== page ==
“Many thousands of proceedings already postponed…”
Judicial staff are back on strike today, with a one-day strike called by the Judicial Officers’ Union and the first day of another four months of “normal, but also creative”, strikes by the Judicial Staff Union (SFJ).
“It will be a mixture of traditional, full-day strikes, which will not coincide throughout the country, which will be complemented with strikes by court, district or municipality, depending on the size of the court,” which will start at the time the first court hearing is scheduled, ending at 12 noon and/ or 5pm, depending on whether they start in the morning or afternoon, SFJ president António Marçal, has told Lusa.
Marçal stressed however that the strikes have been scheduled, but staff do not want to strike. If the Ministry of Justice “starts to respond in a concrete and complete way” to what he describes as “reasonable and fair” demands, everything could change.
SFJ’s demands – which led to a national all-day strike last Friday (and to a confessed arsonist being freed, without conditions) – mark the reopening of Portugal’s courts after the judicial holidays. They include the immediate opening of a recruitment campaign for access to all vacant posts and categories, and the inclusion of what is called the procedural recovery supplement in salaries, backdated to January 2021 and paid for a 14 month year, which, the union adds, “was provided for in two State Budgets”.
In the context of collective bargaining, SFJ wants a revision of the professional statute that ‘dignifies the career’, a special retirement scheme and multi-year recruitment to fill vacant posts.
Last week, the Union of Judicial Officers announced a national strike for today, lasting just one day, but admitted to escalating its struggle “if the government continues with its arrogance”.
In a statement released at the time, the union recalled that it has been on strike since the beginning of January, criticising the “deafening silence” and “inaction” of the Minister of Justice in relation to (again) the “just demands” of court clerks.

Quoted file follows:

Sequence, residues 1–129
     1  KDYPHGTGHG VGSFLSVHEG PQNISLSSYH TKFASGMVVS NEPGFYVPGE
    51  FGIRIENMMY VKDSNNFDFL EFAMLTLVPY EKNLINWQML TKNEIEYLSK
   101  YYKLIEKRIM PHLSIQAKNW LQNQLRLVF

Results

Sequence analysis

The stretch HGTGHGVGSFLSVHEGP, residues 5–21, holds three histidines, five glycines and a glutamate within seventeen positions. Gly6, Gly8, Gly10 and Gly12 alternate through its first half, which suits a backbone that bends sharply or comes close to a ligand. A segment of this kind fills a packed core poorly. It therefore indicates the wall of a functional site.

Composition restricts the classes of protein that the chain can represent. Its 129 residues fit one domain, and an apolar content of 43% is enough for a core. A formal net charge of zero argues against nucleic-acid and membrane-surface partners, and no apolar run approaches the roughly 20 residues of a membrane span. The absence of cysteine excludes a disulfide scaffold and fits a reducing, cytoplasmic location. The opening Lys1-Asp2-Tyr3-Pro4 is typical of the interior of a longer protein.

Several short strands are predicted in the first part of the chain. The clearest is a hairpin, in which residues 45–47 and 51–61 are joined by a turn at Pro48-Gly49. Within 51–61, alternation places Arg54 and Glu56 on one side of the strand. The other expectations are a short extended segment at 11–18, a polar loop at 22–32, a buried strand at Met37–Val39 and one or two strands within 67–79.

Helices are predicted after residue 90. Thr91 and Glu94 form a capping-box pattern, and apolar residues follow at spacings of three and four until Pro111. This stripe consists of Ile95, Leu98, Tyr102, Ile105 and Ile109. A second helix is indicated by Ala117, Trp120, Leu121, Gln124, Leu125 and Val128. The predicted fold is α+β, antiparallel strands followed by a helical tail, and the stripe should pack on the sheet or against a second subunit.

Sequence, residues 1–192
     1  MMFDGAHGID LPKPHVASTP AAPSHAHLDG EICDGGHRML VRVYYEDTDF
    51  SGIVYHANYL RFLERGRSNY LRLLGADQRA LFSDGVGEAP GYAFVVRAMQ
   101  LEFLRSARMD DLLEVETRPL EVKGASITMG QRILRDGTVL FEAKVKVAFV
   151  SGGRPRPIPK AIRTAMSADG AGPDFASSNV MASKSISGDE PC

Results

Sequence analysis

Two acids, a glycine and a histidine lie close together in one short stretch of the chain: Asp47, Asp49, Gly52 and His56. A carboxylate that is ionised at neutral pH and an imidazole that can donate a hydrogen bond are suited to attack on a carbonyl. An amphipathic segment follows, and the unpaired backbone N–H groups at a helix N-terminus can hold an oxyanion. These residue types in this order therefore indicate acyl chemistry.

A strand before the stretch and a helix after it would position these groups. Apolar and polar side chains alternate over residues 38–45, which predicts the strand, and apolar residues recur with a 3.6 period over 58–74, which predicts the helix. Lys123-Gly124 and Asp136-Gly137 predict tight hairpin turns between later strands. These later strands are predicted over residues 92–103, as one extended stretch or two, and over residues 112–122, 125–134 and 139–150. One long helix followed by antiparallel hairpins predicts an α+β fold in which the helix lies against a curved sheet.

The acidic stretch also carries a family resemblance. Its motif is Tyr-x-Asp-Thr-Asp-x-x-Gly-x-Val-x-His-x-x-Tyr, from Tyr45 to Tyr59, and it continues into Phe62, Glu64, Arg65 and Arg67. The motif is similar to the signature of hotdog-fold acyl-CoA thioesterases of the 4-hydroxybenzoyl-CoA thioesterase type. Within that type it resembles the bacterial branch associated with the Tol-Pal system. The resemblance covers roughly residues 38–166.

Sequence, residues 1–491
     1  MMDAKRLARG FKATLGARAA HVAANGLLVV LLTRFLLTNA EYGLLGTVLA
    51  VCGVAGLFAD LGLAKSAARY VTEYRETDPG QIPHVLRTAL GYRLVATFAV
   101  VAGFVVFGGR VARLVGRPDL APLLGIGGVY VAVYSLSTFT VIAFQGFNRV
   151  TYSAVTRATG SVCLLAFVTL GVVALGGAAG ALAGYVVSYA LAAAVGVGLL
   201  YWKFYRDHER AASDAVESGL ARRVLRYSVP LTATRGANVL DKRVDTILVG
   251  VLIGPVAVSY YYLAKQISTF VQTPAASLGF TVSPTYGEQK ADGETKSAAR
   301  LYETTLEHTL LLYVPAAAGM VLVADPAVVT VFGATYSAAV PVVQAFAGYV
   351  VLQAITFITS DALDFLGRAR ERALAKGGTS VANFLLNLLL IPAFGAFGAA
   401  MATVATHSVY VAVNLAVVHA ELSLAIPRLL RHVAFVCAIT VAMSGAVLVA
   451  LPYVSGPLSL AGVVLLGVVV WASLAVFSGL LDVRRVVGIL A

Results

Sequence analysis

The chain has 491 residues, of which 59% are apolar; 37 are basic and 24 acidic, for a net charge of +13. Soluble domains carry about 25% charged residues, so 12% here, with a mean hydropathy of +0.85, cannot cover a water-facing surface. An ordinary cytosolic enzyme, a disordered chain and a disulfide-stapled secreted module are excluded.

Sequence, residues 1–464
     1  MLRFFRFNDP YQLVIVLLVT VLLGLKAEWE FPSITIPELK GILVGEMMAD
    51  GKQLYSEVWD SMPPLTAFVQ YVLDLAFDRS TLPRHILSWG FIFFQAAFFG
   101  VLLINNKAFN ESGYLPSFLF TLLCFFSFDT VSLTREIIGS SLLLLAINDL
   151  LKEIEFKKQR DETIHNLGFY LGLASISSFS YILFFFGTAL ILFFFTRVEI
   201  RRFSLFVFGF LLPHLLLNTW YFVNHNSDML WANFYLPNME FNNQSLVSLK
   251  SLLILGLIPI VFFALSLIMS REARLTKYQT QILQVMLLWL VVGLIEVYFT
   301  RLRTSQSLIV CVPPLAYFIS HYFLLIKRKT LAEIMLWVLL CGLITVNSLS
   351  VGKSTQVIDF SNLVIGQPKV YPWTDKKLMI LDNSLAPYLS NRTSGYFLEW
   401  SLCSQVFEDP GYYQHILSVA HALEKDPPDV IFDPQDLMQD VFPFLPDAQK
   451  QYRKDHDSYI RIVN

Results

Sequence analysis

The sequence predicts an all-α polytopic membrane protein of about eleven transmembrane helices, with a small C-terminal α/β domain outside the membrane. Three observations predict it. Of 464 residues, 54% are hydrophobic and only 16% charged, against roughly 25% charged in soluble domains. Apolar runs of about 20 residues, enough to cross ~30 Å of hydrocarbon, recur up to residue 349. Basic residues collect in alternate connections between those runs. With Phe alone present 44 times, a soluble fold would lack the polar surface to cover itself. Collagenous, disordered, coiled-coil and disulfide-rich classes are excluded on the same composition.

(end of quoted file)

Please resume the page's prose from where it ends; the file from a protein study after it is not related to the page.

The union’s demands also refer to “the inclusion of the procedural recovery supplement in salaries, backdated to January 2021 and paid over 14 months; the opening up of promotions and new posts; and a specific retirement scheme”.
In successive strikes since the beginning of the year, judicial staff unions have put the onus on the Minister of Justice, Catarina Sarmento e Castro, and the government, to bring a halt to these stoppages which, as the minister herself admitted back in March, are “devastating justice”.
The unions estimate that many thousands of proceedings have already been postponed by the strikes and works to rule etc. – more than 100,000, according to SFJ calculations – and that if all acts are taken into account (such as summonses, notifications and others) there could be more than five million unfulfilled acts.
“With the protest continuing and, above all, a lack of commitment on the part of the Ministry of Justice to strengthening human resources, this will tend to get worse and recovering this lost time will take roughly two years,” António Marçal said in statements to Lusa last week.
Considering Portuguese Justice is already notorious for the time it takes to deliver what, in the final analysis, has been described sometimes as “the antithesis of justice”, every new day in which court business is disrupted is another blot on Portugal’s dismal copybook.
The Minister of Justice referred to the new professional statutes to resolve the unions’ demands last Friday, promising that the government’s project for revising statutes would be announced “in the next few days”. SFJ’s response was that the union will be happy to renounce its actions “when concrete proposals are known” – but not because of “just another announcement”.